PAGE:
Kin Fatigue Lab

Investigating the Effect of Fatigue on Muscular Performance
Aly Fawzy
Partner: Arman
Mr. Martin
November 9th, 2015

Investigating the Effect of Fatigue on Muscular
Fatigue is known as the decline in the ability of an individual to maintain a constant level of performance. After the onset of muscle fatigue, several physiological processes occur that later affect the muscles’ ability to sustain a constant force, and thereby decreasing it.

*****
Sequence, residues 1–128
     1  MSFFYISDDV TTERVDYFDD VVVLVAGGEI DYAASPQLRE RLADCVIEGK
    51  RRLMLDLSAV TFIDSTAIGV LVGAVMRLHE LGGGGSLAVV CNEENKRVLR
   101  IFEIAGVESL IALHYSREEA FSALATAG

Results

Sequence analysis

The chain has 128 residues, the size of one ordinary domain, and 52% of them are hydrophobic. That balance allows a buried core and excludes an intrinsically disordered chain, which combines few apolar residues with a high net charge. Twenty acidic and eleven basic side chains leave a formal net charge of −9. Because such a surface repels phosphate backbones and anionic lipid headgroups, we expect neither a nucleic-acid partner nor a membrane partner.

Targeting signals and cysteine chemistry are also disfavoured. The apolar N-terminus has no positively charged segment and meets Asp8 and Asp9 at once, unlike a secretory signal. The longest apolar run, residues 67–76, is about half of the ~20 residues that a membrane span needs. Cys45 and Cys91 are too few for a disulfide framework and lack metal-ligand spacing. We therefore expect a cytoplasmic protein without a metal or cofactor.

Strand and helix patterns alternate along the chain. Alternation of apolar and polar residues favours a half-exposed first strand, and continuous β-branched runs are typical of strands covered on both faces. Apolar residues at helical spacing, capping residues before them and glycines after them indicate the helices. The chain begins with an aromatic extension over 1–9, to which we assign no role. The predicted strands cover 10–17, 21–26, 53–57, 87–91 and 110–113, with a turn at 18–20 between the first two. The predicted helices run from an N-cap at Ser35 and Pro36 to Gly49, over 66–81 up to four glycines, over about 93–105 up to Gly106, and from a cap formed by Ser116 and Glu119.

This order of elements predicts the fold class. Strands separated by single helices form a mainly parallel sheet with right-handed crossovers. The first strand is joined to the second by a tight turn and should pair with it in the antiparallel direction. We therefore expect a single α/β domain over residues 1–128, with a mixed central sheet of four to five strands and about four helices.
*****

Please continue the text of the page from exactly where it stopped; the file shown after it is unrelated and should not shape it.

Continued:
Under aerobic conditions, muscles utilize oxygen to produce ATP from glucose through a process called aerobic respiration.   This process is very efficient and produces 36ATPs from every molecule of glucose. Carbon dioxide and water are the by-products of this reaction.   When a muscle undergoes rigorous exercise, it requires more oxygen keep up with the ATP demand.   At this point a muscle undergoes anaerobic respiration to keep up with the ATP demand, without the use of oxygen. There are two pathways for anaerobic respiration, ATP-PC and glycolysis; ATP-PC lasts for 10-15 seconds in the beginning of exercise and uses phosphocreatine as fuel; while glycolysis is mainly used between 15 sec and 3 min of an exercise interval and uses glucose as fuel. Both pathways produce only 2 ATPs.   At the end of glycolysis, pyruvate is produced, which gets converted to lactate or lactic acid.   The advantage of anaerobic respiration is that the muscle cell can make ATP without oxygen very quickly. The disadvantage to anaerobic respiration (Glycolysis) is that it produces lactic acid which gives muscles a temporary burning sensation, and hampers the breakdown of glucose, which decreases the muscles ability to contract. Muscle fatigue results when too much lactate builds up in a muscle above a certain threshold. Thus, it can be assumed that fatigue results when the demand for ATP is greater than the rate at which ATP can be produced in the muscle fibres.   Under condition of extreme fatigue, muscles become incapable of...